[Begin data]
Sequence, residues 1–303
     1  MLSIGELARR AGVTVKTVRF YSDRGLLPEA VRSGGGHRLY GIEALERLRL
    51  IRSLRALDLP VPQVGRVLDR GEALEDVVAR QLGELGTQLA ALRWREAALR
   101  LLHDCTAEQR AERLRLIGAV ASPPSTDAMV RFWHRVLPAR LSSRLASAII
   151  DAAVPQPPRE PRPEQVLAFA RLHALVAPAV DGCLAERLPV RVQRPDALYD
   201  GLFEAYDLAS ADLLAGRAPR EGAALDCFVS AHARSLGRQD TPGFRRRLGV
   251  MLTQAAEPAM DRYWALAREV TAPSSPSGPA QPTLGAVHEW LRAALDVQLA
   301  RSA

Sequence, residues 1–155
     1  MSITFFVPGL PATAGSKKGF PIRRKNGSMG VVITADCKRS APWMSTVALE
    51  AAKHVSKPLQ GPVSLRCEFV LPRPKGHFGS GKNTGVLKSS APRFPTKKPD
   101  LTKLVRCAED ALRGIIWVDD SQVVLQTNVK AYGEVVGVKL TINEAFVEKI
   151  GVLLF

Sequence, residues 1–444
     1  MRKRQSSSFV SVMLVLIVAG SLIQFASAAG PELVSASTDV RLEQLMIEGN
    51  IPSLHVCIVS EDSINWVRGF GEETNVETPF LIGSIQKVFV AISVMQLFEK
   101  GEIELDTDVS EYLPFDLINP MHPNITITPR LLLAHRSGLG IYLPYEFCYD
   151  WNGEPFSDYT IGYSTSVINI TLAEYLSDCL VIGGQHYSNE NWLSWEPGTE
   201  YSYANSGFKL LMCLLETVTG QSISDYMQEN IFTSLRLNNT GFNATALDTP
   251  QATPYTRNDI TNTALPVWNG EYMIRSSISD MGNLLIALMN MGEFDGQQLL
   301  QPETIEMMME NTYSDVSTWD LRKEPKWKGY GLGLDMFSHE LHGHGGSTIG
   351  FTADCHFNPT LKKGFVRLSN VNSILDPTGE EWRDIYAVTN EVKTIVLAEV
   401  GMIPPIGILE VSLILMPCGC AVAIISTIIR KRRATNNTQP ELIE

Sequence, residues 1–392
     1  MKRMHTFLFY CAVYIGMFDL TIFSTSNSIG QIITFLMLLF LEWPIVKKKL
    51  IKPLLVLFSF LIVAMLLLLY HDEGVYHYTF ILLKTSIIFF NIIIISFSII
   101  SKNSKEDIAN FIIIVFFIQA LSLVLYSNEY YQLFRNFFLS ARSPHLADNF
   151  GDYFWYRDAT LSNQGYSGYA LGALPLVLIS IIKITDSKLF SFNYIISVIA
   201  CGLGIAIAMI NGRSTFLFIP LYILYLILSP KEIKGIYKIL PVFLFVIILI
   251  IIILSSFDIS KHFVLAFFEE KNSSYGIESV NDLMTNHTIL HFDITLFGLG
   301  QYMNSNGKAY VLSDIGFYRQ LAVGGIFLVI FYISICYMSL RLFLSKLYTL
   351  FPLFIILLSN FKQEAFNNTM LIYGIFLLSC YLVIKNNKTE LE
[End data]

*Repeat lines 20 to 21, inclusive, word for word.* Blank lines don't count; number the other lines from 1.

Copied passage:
   251  QATPYTRNDI TNTALPVWNG EYMIRSSISD MGNLLIALMN MGEFDGQQLL
   301  QPETIEMMME NTYSDVSTWD LRKEPKWKGY GLGLDMFSHE LHGHGGSTIG